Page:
Quick Look

As the preceding several thousand pages make clear, there are lots of ways to view and manage the seething mass of files and folders on a typical hard drive. Some of them actually let you see what’s in a document without having to open it—the Preview column in column view, the giant icons in Cover Flow, and so on.

Quick Look, a star feature of Mac OS X, takes this idea to another level. It lets you open and browse a document nearly at full size—without switching window views or opening any new programs. You highlight an icon (or several), and then press the space bar (or click the button at the top of the window, or choose File→Quick Look).

The Quick Look window now opens, showing a nearly full-size preview of the document (Figure 2-13). Rather nice, eh?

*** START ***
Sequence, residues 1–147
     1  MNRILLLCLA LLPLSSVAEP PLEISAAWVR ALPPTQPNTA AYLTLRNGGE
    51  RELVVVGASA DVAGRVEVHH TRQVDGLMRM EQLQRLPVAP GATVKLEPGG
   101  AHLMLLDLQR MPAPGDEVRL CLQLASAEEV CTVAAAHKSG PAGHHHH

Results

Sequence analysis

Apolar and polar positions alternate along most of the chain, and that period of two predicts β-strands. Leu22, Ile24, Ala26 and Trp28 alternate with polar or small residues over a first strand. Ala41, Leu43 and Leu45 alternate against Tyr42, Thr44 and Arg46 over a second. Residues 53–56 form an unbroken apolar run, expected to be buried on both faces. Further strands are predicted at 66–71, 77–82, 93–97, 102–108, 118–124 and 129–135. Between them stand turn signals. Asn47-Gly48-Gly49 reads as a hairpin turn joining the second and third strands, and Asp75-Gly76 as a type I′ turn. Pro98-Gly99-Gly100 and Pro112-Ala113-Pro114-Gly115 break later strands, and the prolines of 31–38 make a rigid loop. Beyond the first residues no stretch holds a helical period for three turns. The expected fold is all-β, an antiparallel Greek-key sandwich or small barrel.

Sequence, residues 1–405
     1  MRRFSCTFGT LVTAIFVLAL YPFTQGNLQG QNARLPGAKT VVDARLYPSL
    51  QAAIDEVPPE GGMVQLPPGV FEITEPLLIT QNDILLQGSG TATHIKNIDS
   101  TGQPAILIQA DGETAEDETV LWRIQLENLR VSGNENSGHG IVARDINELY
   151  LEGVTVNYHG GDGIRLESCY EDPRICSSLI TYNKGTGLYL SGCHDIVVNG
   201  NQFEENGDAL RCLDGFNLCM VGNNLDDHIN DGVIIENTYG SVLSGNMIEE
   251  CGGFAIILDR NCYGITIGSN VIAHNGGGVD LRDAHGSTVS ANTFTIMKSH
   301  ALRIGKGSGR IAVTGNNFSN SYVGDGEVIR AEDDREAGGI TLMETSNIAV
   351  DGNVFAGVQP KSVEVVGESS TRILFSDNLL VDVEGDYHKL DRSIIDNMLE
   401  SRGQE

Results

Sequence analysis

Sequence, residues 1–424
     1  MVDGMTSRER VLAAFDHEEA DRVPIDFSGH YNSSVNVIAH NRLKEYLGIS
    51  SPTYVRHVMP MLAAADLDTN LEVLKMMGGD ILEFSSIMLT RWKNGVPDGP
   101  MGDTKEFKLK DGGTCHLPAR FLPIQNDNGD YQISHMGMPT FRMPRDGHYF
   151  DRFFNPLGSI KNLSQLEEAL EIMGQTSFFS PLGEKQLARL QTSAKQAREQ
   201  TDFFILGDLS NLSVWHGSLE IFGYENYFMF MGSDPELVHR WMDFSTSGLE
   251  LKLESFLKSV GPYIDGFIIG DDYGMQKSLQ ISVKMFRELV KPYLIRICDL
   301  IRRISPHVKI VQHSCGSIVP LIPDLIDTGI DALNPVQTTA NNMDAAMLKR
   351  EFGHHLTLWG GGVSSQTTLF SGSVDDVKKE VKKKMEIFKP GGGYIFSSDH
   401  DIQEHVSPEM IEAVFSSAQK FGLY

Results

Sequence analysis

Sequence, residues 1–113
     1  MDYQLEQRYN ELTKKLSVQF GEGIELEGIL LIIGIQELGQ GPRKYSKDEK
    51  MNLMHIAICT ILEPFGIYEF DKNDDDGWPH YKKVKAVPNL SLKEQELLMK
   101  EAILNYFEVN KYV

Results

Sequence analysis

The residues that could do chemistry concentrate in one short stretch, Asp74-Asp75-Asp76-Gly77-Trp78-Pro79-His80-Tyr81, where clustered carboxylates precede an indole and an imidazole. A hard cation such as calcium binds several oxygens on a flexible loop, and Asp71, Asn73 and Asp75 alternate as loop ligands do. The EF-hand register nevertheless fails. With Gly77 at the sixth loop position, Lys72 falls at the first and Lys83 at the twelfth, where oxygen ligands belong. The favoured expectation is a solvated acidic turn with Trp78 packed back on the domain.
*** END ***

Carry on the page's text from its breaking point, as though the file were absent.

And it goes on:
The idea here is that you can check out a document without having to wait for it to open in the traditional way. For example, you can find out what’s in a Word, Excel, or PowerPoint document without actually having to open Word, Excel, or PowerPoint, which saves you about 45 minutes.

Once the Quick Look window is open, you can play a file (movies and sounds), study it in more detail (most kinds of graphics files), or even read it (PDF, Word, and Excel documents). You can also click another icon, and another, and another, without ever closing the preview; the contents of the window simply change to reflect whatever you’ve just clicked. Supertip: Quick Look even works on icons in the Trash, so you can figure out what something is before you nuke it forever.

Figure 2-13. Once the Quick Look window is open, you can play a file (movies and sounds), study it in more detail (most kinds of graphics files), or even read it (PDF, Word, and Excel documents). You can also click another icon, and another, and ...

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